I’ve recently given two different speeches discussing the balance between an employee’s privacy and an employer’s right to know. One of the themes of this talk is that social media has irreparably blurred the line between one’s personal persona and one’s professional persona, and employees best be careful with that they say online, because employers are watching and holding them accountable.
Dan argues that while employment at will is still a valid legal doctrine, if a judge or jury cannot view your termination as “fair”, then they will look for another (illegal) justification for your decision. That examination may not go your way.
Damn, does the Oxford comma have some traction. I can’t recall the last time a case as mundane as O’Connor v. Oakhurt Dairy lit up the internet. But it did. And I got curious—just how do people feel about the l’il ol’ Oxford comma. So I asked. And you responded, by the hundreds. You spoke loud and clear. You don’t just like the Oxford comma, you love it.
There you have it. By a margin of more than nine to one, the Oxford comma wins. As for the other eight percent, please step into the 21st century and start dropping in that comma before the “and” in your serial lists.
Yesterday, however, in NLRB v. SW General, Inc. [pdf], the Supreme Court held that Mr. Solomon’s tenure from January 5, 2011, through October 29, 2013, was unlawful, as it violated the Federal Vacancies Reform Act of 1998 (FVRA).
Last June, the EEOC issued a comprehensive, bi-partisan report on harassment in the workplace. The report’s stated purpose was to “reboot workplace harassment prevention efforts” by focusing on efforts employers can take “in designing effective anti-harassment policies; developing training curricula; implementing complaint, reporting, and investigation procedures; creating an organizational culture in which harassment is not tolerated; ensuring employees are held accountable; and assessing and responding to workplace “risk factors” for harassment.”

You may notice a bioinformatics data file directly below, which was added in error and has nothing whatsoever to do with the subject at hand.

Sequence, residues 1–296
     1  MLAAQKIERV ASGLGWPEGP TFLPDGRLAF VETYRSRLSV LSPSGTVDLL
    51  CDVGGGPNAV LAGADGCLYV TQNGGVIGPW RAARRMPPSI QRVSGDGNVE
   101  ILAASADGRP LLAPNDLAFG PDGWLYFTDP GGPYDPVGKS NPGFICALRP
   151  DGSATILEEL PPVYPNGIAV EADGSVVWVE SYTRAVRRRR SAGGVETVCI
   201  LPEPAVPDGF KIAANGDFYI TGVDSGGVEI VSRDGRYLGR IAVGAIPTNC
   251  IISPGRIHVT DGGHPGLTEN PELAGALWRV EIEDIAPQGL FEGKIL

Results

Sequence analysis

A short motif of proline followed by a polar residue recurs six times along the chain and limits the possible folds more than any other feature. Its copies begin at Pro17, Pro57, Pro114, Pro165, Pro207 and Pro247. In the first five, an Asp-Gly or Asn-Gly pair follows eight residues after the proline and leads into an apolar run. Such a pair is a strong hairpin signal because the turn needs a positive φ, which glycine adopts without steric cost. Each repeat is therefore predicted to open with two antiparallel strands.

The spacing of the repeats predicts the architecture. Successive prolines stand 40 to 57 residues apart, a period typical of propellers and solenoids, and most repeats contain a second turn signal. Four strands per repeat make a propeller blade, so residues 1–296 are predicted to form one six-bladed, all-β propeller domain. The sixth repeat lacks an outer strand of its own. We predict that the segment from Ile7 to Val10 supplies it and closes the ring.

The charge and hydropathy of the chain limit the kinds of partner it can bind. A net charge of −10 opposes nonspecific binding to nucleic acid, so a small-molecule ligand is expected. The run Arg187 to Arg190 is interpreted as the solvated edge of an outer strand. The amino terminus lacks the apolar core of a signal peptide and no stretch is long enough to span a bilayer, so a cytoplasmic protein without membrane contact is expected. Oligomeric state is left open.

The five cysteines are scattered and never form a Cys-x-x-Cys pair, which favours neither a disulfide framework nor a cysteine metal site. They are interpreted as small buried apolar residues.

It is no secret that health care costs for employers and their employees are out of control. Many employers have attempted to hold down these rising costs by offering wellness-program incentives. The EEOC has signed off on these programs as legal as long as employee participation remains voluntary, which the agency defines as financial incentives for employee participation at or below 30 percent of the cost of coverage. Thus, employees have a choice—participate in the wellness program, or pay a surcharge of up to 30 percent.
One area that has remained off limits for employers under these wellness programs, however, has been genetic testing and other personal and family medical histories. A new bill moving through the House of Representatives, however, aims to change that.
Who knew that the l’il ol’ Oxford comma was so controversial? I would have never dreamed that yesterday’s post on the importance of its omission in a wage/statute would generate so much feedback, or that people feel so passionately about its use or non-use. In fact, it was my most shared and talked about post since my takedown of Trump’s first immigration ban.
To gauge exactly how you feel about the Oxford comma, I’ve designed a quick, one-question survey. Take a moment, and click “yes” or “no” on whether one should use the Oxford comma when writing.
Vampire Weekend once asked, “Who gives a f__k about an Oxford comma?” The answer, apparently, is the 1st Circuit Court of Appeals, a whole lot.
In O’Connor v. Oakhurt Dairy [pdf], that court reversed the dismissal of an overtime lawsuit based on the absence of a Oxford comma in a list of activities that qualify for a certain exemption under Maine’s wage-and-hour law.
Late last week, the 11th Circuit Court of Appeals, in Evans v. Georgia Regional Hosp. [pdf], held that Title VII does not protect sexual-orientation discrimination per se, and that to sufficiently plead such a cause of action under Title VII, one must allege facts sufficient to establish that the employer discriminated based on non-conformity with sex-based stereotypes.